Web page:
Susan McBurney

“Nine-Flower”

Digital print, 9" x 9", 2007.



The bisymmetric coloring of this nine-pointed design hopefully attracts the viewer's attention at first glance. The design is not evenly colored because there is an odd number of points. The bottom two adjacent petals are the same color, but that gives it an anchor that lends stability to the composition. Other subtleties of color and texture exist as well. The design itself is composed of one repeated element-an arc spanning 80 on different sized circles. It is the interaction of the simple components that leads to a more complex and satisfying design.


Susan McBurney, Network Administrator

"The graphic capabilities of the modern computer provide an exciting tool with which to explore the beauty inherent in the field of mathematics and produce artwork that is appreciated on several levels. First of all, it must be aesthetically pleasing to the viewer. But beyond that it hopefully will also lead to a closer inspection and deeper understanding of the concepts behind its creation. Coming from a computer science and mathematics background, I try to introduce the beauty found in both fields and suggest that this might lead to a deeper insight and appreciation of each."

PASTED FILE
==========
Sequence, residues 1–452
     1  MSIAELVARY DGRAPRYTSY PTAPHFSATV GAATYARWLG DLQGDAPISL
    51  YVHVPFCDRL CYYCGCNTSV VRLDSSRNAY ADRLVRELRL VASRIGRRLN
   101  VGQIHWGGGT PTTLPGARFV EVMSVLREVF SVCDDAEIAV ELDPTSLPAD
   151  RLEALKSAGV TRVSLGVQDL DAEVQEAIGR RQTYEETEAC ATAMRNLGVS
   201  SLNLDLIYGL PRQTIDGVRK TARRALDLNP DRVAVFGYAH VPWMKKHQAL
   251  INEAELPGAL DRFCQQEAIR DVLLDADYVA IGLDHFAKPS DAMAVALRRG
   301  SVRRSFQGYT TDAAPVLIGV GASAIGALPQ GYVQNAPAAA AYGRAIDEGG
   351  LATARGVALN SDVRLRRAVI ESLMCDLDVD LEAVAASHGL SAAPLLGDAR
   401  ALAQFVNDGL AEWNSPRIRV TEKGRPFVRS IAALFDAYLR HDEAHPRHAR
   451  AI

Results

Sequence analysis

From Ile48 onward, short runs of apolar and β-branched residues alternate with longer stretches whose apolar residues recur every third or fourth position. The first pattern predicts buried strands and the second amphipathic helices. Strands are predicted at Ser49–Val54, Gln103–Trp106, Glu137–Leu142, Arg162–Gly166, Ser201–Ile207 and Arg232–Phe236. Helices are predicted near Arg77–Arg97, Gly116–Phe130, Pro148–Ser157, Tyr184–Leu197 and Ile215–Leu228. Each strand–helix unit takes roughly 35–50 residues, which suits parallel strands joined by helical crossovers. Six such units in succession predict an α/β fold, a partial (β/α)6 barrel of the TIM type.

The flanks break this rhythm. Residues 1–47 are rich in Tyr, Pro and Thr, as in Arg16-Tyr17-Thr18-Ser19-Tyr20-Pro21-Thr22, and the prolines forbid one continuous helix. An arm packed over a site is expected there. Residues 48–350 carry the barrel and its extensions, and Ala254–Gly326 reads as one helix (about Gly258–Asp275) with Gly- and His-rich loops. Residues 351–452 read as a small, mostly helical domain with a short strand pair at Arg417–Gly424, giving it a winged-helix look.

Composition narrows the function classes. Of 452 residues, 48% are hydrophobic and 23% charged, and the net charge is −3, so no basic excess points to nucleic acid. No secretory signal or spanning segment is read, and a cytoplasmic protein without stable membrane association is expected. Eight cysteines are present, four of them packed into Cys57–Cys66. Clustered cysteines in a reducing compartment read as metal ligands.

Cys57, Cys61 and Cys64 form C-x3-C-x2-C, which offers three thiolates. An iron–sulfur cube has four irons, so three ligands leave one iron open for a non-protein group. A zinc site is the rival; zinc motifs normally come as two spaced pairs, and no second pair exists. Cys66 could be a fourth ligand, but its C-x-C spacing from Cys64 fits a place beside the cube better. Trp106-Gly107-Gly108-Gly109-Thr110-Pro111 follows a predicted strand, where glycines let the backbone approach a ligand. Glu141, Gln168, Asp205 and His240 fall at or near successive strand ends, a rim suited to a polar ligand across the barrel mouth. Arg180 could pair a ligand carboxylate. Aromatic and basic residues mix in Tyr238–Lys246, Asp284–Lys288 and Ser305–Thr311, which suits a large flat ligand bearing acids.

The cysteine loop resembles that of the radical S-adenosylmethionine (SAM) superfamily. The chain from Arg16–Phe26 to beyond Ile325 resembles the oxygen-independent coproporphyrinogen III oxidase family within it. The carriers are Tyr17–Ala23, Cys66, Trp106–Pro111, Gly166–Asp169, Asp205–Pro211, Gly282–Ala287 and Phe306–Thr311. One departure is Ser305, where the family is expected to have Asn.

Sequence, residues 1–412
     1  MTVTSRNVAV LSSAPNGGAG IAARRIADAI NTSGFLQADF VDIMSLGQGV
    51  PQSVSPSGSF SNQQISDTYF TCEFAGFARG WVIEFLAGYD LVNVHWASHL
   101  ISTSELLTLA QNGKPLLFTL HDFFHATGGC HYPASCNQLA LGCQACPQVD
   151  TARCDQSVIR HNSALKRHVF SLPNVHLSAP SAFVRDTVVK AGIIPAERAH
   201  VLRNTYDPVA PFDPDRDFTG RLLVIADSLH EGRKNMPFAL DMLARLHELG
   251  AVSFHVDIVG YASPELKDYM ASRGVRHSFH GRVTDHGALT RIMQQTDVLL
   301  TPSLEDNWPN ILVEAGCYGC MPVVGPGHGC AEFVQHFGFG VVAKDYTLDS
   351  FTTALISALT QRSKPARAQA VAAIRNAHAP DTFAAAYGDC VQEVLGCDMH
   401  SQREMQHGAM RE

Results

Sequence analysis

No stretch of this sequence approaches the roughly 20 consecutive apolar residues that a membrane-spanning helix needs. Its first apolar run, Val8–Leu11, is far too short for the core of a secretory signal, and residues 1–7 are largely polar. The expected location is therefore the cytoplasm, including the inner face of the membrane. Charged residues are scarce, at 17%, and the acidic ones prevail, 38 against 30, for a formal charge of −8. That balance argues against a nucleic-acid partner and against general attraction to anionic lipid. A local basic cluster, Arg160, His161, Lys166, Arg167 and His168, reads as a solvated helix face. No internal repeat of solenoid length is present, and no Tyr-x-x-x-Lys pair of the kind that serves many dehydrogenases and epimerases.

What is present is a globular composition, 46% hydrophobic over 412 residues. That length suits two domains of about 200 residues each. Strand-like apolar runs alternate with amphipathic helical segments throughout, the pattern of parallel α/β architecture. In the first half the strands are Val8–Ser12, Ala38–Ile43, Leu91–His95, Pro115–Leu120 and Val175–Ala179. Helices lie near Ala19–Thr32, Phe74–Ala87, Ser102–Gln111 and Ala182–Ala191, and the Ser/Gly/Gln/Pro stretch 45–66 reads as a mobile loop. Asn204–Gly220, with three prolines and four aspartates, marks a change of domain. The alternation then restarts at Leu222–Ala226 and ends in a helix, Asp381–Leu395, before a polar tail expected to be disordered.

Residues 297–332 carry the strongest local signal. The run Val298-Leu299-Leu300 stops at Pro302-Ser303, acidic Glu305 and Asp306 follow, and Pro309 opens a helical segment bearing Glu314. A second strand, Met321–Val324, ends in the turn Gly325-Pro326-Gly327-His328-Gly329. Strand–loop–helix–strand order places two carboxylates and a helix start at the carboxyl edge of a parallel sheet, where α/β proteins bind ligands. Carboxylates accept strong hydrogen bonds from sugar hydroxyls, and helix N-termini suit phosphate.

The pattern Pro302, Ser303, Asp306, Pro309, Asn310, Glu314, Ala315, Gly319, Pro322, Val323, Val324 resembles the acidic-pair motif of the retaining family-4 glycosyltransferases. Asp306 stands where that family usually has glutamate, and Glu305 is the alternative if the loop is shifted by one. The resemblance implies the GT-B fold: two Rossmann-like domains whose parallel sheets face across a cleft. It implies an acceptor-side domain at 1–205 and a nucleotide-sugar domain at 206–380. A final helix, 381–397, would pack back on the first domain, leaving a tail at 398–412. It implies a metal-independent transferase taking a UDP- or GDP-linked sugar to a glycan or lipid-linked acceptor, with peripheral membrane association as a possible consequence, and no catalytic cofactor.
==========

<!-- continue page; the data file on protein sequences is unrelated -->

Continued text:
smcburne@iit.edu (alumni email)


Another work by the artist

“Straight-line Jungle”

Digital print, 9" x 9", 2007.




This entire composition (other than the frame) is made only from straight lines that vary in length as they move around the circumference of a circle. In fact, each of the components is drawn by the same simple program, with only one parameter that varies. That variable specifies the number of leaves, or petals, that are desired. It is always interesting to see how a simple program (or formula) can yield such a variety of different, yet pleasing outputs. The large leaf shape is suggestive of the curve known as a cardioid with polar equation r = 2a(1 + cos (ø). The frame is composed of sine waves.